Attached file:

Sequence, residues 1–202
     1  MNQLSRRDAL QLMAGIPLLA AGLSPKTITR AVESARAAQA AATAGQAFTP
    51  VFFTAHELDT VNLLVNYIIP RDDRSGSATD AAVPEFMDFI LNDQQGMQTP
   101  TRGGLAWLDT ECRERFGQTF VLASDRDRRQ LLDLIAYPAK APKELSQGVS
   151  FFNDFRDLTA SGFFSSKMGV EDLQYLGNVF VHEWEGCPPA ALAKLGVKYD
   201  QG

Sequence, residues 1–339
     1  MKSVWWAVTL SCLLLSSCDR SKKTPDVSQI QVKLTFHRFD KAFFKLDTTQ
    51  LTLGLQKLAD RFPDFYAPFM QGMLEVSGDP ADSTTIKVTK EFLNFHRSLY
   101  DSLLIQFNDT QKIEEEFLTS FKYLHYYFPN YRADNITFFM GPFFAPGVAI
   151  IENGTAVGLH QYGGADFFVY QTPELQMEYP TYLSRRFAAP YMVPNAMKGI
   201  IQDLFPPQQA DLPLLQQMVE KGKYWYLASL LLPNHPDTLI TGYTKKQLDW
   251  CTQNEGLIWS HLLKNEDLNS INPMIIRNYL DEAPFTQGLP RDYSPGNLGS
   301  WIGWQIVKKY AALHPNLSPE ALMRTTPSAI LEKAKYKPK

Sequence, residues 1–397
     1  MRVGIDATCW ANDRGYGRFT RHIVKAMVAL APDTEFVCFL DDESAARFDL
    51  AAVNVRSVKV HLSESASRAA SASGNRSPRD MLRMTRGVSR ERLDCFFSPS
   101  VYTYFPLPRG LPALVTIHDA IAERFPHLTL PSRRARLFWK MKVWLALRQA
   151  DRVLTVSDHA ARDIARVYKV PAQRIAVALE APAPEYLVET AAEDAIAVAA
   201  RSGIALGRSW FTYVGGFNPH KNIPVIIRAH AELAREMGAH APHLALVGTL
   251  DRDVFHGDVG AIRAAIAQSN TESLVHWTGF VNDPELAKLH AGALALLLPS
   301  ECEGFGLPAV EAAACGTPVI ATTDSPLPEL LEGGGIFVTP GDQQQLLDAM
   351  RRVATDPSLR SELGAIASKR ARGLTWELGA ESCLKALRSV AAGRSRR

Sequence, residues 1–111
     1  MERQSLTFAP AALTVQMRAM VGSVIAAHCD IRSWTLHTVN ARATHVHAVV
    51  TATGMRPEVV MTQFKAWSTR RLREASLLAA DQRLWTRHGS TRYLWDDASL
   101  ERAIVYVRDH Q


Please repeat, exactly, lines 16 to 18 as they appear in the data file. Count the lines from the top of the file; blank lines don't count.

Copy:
     1  MRVGIDATCW ANDRGYGRFT RHIVKAMVAL APDTEFVCFL DDESAARFDL
    51  AAVNVRSVKV HLSESASRAA SASGNRSPRD MLRMTRGVSR ERLDCFFSPS
   101  VYTYFPLPRG LPALVTIHDA IAERFPHLTL PSRRARLFWK MKVWLALRQA